Italy’s parliamentary election 2022
I thought I would start this newsletter with a story of a recent trip to the market in Rome. As you will know, if you read this E-zine regularly, I go to the Mercato Trionfale for the weekly food shop. I like the experience, colours, sounds and chats in the market. I find that you also get a good idea of what is on people’s minds and how people are thinking in any moment. Obviously, the talk of the moment is not the Queen’s death (you may or may not be surprised to hear this) but of the upcoming elections in Italy. Both events are significant for women. Obviously, the Queen’s funeral is important because she seemed to be the glue that held the royal family and the Commonwealth together and we shall see how King Charles III gets on with that responsibility. Also, an equally important event is likely to be the election of Giorgia Meloni as first female prime minister of Italy.
Giorgia Meloni, for those of you in the know, is the leader of the Fratelli d’Italia party and is considered right wing. She is leading the polls with about 25% of the vote. Closely followed by the Partito Democratico (leftwing) with approx 21% of the vote. However, as is always the case in Italy, the parties need to form a coalition with smaller parties to gain a voting majority. Fratelli d’Italia have already announced their right-wing coalition with both la Lega (Salvini) and Forza Italia (Berlusconi). Together it is expected that they will garner about approx 45% of the vote. That is essentially a landslide in Italian politics and it is almost certain at this point that the ‘centrodestra’ coalition will be taking power shortly after the vote on 25th September.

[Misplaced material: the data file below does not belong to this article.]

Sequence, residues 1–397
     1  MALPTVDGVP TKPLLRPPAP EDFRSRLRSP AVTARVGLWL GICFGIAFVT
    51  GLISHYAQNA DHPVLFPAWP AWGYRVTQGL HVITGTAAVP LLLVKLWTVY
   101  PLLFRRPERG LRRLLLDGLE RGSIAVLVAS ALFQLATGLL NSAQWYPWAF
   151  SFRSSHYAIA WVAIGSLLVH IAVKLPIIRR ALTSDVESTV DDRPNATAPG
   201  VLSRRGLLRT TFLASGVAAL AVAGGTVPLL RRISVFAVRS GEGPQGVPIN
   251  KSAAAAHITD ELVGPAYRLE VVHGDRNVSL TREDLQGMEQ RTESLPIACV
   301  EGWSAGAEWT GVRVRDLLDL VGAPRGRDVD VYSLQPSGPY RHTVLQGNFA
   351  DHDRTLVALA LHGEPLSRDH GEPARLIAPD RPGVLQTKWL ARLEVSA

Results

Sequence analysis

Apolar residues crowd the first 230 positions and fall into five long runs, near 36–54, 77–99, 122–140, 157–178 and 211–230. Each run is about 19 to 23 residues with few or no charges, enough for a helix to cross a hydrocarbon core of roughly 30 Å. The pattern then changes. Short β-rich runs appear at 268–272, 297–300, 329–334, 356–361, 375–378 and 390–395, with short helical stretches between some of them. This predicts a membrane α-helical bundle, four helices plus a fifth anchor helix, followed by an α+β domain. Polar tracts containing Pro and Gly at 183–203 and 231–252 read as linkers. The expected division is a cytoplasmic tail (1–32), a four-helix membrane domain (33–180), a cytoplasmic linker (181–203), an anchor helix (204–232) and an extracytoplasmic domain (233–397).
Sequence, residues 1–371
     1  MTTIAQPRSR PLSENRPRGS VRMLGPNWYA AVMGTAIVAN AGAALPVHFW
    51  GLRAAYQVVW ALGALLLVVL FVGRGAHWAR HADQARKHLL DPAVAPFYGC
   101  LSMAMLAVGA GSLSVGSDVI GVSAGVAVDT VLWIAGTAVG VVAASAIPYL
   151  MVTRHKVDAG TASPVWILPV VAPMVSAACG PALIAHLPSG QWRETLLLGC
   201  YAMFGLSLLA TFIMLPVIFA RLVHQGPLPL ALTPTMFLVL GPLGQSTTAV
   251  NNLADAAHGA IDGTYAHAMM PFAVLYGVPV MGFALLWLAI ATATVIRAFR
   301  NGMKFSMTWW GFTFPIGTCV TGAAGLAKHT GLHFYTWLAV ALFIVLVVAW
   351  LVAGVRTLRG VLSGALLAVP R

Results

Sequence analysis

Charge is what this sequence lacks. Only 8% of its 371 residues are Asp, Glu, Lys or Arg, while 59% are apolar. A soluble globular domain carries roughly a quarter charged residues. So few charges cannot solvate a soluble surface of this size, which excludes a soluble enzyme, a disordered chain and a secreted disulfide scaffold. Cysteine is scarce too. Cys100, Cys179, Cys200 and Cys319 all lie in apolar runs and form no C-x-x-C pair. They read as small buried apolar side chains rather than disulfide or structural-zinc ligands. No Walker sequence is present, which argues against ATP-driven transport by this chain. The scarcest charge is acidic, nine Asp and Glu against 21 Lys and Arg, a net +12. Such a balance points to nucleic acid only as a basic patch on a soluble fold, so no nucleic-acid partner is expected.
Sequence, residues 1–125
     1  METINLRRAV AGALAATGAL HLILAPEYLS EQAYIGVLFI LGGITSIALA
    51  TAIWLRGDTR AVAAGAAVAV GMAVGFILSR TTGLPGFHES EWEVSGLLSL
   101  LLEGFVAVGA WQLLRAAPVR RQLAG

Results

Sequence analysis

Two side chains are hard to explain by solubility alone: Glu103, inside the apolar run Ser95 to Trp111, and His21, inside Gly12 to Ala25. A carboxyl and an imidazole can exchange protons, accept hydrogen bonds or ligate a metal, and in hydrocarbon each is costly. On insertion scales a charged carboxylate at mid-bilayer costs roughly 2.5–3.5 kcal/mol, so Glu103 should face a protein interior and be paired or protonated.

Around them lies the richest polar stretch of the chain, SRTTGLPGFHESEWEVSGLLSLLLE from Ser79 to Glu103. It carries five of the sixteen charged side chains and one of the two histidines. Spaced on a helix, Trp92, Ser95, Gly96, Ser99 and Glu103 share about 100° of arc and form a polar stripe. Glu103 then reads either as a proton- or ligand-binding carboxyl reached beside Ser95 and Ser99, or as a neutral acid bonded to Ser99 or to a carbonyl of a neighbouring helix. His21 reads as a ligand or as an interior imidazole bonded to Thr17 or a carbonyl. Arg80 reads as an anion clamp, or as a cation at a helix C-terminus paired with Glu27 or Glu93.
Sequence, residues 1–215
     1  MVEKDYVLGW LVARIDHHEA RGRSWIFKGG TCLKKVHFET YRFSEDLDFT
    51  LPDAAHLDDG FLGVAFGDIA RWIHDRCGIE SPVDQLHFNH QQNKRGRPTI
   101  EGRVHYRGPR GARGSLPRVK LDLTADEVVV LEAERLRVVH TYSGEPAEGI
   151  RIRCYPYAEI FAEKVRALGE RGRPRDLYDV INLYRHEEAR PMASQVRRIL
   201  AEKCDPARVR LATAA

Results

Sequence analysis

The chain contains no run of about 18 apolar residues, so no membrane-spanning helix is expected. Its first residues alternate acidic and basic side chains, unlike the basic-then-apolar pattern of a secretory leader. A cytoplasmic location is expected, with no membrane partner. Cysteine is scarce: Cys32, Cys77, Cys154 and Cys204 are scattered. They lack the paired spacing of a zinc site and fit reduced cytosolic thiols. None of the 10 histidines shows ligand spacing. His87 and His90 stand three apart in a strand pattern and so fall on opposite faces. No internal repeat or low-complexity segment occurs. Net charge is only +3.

The big worry for many is that Giorgia Meloni and Fratelli d’Italia have their roots planted in a fascist past and the feeling is that their policies will start to unravel years of democratic advancement in the name of equal rights and protection for women (which in Italy are still lacking in some many areas), gay rights, abortion rights etc. It was with all this in mind that I decided to follow Giorgia Meloni and Matteo Salvini on facebook this summer. To be honest, what I read wasn’t significantly alarming and to be fair to Giorgia Meloni she has dealt with all criticisms head on and opening encouraged discussion with her opposition, rather than just slurring them for being different. One particular instance was where someone got onto a stage when she was holding a rally and started a protest against her views on gay rights. She kindly invited the person to take the stage with her and explain their position so she could defend her own. Now, don’t get me wrong, I am no fan of Giorgia Meloni or any other right wing party in Italy but I would like to see more of this type of open discussion of differences of opinion and critical thinking rather than one side just spewing venom at the other because they have opposing views. Anyway, for someone who is a first-time voter in Italy (I gained citizenship in 2019 and so this is my first opportunity to vote in Italy) it has been an interesting journey so far. However, one other thing that piqued my interest, and I thought I would share with you here, is the centrodestra proposals to introduce a flat tax.
But, before I go into that, I will take you back to Mercato Trionfale for a moment. I wanted to tell you about the fact that I buy my eggs from the same stall, where oddly enough, he ONLY sells eggs! For as long as I have been going there (6 years) the eggs have been 35c for a ‘bio’ egg. After I arrived back from the summer break he apologised and explained that he needed to raise his prices. Now they are 40c a ‘bio’ egg. My initial reaction was whoooahh, an almost 15% increase in the price. But then I started to reflect on this whole inflation debate we have at the moment.